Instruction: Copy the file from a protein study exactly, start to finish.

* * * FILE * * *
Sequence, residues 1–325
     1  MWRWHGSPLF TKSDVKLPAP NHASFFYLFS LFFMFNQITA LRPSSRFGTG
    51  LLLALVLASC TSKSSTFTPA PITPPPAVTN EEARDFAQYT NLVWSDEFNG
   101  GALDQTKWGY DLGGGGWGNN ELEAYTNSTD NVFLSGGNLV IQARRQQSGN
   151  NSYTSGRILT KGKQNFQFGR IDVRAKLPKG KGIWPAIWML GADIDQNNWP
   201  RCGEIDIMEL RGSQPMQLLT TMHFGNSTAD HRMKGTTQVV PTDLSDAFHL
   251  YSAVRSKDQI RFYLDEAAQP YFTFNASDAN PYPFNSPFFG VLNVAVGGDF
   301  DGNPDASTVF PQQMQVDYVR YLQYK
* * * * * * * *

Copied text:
Sequence, residues 1–325
     1  MWRWHGSPLF TKSDVKLPAP NHASFFYLFS LFFMFNQITA LRPSSRFGTG
    51  LLLALVLASC TSKSSTFTPA PITPPPAVTN EEARDFAQYT NLVWSDEFNG
   101  GALDQTKWGY DLGGGGWGNN ELEAYTNSTD NVFLSGGNLV IQARRQQSGN
   151  NSYTSGRILT KGKQNFQFGR IDVRAKLPKG KGIWPAIWML GADIDQNNWP
   201  RCGEIDIMEL RGSQPMQLLT TMHFGNSTAD HRMKGTTQVV PTDLSDAFHL
   251  YSAVRSKDQI RFYLDEAAQP YFTFNASDAN PYPFNSPFFG VLNVAVGGDF
   301  DGNPDASTVF PQQMQVDYVR YLQYK